Benson Rollins wants a college degree. The unemployed high school dropout who attends Alcoholics Anonymous and has been homeless for 10 months is being courted by the University of Phoenix. Two of its recruiters got themselves invited to a Cleveland shelter last October and pitched the advantages of going to the country’s largest for-profit college to 70 destitute men.
Their visit spurred the 23-year-old Rollins to fill out an online form expressing interest. Phoenix salespeople then barraged him with phone calls and e-mails, urging a tour of its Cleveland campus. “If higher education is important to you for professional growth, and to achieve your academic goals, why wait any longer? Classes start soon and space is limited,” one Phoenix employee e-mailed him on April 15. “I’ll be happy to walk you through the entire application process.”
Rollins’s experience is increasingly common. The boom in for-profit education, driven by a political consensus that all Americans need more than a high school diploma, has intensified efforts to recruit the homeless, Bloomberg Businessweek magazine reports in its May 3 issue. Such disadvantaged students are desirable because they qualify for federal grants and loans, which are largely responsible for the prosperity of for-profit colleges. Federal aid to students at for-profit colleges jumped to $26.5 billion in 2009 from $4.6 billion in 2000. Publicly traded higher education companies derive three-fourths of their revenue from federal funds, with Phoenix at 86 percent, up from just 48 percent in 2001 and approaching the 90 percent limit set by federal law.
The privately held Drake College of Business, which trains people to be medical and dental assistants, relied on taxpayers for 87 percent of its revenue in 2007. Almost 5 percent of the student body at its Newark, New Jersey, branch is homeless, says Jean Aoun, director of admissions and student services there. Late in 2008, it began offering a $350 biweekly stipend to students who show up for 80 percent of classes and maintain a “C” average.
“It’s basically known in the community: If you’re homeless, and you need some money, go to Drake,” says Carmella Hutson, a case manager at the Goodwill Rescue Mission in Newark, where about 20 clients have enrolled at Drake in the past two years. “It would put money in my pocket, help me buy a car,” adds Jerome Nickens, 45, who lived at the mission when he talked to a Drake representative but decided not to enroll.
After Bloomberg Businessweek called the Accrediting Council for Independent Colleges & Schools to inquire about the stipends, the council opened an investigation into the college’s recruitment practices. The inquiry could lead to revoking Drake’s accreditation, leaving it ineligible for federal aid.
Chancellor University in Cleveland, which counts Jack Welch as an investor and features a weekly video for students by the former General Electric Co. chief executive, explicitly focused recruiting efforts on local shelters after it realized that Phoenix, owned by Apollo Group Inc., was doing so. Chancellor has stopped pursuing the homeless, and Phoenix says any recruiting by its employees in Cleveland shelters was unauthorized. Phoenix’s business code prohibits recruiting at shelters, and any employee violating the ban could face termination, Apollo says.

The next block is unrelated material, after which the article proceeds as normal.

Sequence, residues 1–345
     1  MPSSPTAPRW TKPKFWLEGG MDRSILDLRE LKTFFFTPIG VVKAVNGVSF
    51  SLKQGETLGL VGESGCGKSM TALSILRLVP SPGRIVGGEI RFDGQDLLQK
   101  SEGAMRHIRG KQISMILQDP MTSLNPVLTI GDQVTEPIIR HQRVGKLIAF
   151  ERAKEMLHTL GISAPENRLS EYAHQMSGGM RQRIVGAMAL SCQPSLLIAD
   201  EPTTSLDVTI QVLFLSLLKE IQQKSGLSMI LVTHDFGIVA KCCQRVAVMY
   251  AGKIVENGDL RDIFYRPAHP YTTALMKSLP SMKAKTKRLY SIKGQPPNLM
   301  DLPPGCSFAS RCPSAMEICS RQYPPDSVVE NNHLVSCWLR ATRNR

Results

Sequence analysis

Phoenix wants to ensure that “only students who have a reasonable chance to succeed enroll in our programs,” Apollo spokesman Manny Rivera said in an e-mail.
Other schools see nothing wrong with reaching out to the disadvantaged. “We don’t exclusively target the homeless,” says Ziad Fadel, chief executive of Drake, which also sends recruiters to welfare and employment agencies. “We are in a community that is low-income and happens to have a lot of people on welfare.”
The every-other-Friday payment encourages Drake students to stay in school and graduate, he says. The stipend, which about three-fourths of Drake’s 1,200 students receive, is not “a gimmick to just get students in the front door,” Fadel says. He adds that a sample analysis of 30 graduates placed by Drake’s career services office found “some very substantial improvements in income.”
While many caseworkers for the homeless are gratified by the attention, some see only exploitation. The companies “are preying upon people who are already vulnerable and can’t make it through a university,” says Sara Cohen, a case manager at Shelter Now in Meriden, Conn. “It’s evil.”
The current state of for-profit education has an element of déjà vu. Twenty years ago the sector had grown wild and unruly, as fly-by-night trade schools siphoned off students from welfare and unemployment lines, ostensibly to train them as truck drivers or hairdressers. Often these enterprises provided little or no schooling; their aim was the federal student aid. Default rates on student loans skyrocketed to 22 percent before Congress enacted tough regulations in 1992. Among them were limits on default rates for individual colleges as well as a cap on the percentage of their revenue that they could receive from the government. The schools were also forbidden to pay recruiters based on how many students they enrolled.
The reforms injected discipline into the industry and brought down default rates. Then, a decade later, the Bush administration relaxed the ban on incentive compensation for recruiters, opening the door for the aggressive wooing of the homeless.